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Meise F.M.,University Mainz Medical Center Mainz | Rivoire J.,University Mainz Medical Center Mainz | Terekhov M.,University Mainz Medical Center Mainz | Wiggins G.C.,Harvard University | And 7 more authors.
Magnetic Resonance in Medicine | Year: 2010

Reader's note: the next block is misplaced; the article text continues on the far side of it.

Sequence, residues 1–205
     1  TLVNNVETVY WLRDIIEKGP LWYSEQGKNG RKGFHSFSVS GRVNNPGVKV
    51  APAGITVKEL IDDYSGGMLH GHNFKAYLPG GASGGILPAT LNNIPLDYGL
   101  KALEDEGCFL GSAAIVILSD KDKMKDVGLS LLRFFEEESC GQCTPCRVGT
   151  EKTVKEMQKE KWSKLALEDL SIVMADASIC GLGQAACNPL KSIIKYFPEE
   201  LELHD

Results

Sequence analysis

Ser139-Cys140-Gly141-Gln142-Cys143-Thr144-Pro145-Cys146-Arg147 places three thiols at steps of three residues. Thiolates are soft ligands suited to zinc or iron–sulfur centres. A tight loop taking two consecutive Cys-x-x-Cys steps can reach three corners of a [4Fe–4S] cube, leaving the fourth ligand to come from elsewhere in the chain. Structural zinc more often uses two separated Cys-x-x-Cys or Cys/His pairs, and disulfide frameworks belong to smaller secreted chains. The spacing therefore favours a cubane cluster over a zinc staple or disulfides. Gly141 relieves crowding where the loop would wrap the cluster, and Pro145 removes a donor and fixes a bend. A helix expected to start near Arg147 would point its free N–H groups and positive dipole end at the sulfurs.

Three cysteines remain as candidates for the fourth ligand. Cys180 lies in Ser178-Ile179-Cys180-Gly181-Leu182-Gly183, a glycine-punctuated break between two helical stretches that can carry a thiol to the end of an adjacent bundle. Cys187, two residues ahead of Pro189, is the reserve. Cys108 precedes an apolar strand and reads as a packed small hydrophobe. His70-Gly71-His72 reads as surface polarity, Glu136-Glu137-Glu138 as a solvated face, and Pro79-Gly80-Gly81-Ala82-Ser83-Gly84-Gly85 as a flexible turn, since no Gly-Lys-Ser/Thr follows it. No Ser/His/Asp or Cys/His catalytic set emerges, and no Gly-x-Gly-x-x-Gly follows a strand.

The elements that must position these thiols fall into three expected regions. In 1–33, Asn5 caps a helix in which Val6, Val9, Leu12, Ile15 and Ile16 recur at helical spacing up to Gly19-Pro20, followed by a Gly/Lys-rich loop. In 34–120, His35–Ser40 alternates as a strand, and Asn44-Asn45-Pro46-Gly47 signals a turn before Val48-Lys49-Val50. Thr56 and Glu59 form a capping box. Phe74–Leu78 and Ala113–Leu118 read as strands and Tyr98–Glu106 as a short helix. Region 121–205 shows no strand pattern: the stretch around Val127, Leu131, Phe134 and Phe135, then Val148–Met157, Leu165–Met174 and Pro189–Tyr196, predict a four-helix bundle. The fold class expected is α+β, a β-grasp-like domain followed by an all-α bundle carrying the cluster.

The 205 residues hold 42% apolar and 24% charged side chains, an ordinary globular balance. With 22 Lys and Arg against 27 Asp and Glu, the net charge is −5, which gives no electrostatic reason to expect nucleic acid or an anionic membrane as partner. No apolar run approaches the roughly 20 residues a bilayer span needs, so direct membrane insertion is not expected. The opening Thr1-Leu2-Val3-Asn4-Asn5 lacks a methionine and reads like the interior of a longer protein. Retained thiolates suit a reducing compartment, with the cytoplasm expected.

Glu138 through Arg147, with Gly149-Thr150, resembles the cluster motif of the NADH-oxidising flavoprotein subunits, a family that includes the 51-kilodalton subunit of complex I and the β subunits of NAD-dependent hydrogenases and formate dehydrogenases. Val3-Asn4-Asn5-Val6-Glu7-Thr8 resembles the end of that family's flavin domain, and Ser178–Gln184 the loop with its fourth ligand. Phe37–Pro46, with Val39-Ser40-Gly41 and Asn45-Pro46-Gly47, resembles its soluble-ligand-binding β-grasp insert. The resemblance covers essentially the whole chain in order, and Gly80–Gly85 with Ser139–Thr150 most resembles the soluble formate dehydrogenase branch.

Imaging with hyperpolarized 3-helium is becoming an increasingly important technique for MRI diagnostics of the lung but is hampered by long breath holds (>20 sec), which are not always applicable in patients with severe lung disease like chronic obstructive pulmonary disease (COPD) or α-1-anti-trypsin deficiency. Additionally, oxygen-induced depolarization decay during the long breath holds complicates interpretation of functional data such as apparent diffusion coefficients. To address these issues, we describe and validate a 1.5-T, 32-channel array coil for accelerated 3He lung imaging and demonstrate its ability to speed up imaging 3He. A signal-to-noise ratio increase of up to a factor of 17 was observed compared to a conventional double-resonant birdcage for unaccelerated imaging, potentially allowing increased image resolution or decreased gas production requirements. Accelerated imaging of the whole lung with one-dimensional and two-dimensional acceleration factors of 4 and 4 x 2, respectively, was achieved while still retaining excellent image quality. Finally, the potential of highly parallel detection in lung imaging is demonstrated with high-resolution morphologic and functional images. © 2010 Wiley-Liss, Inc.

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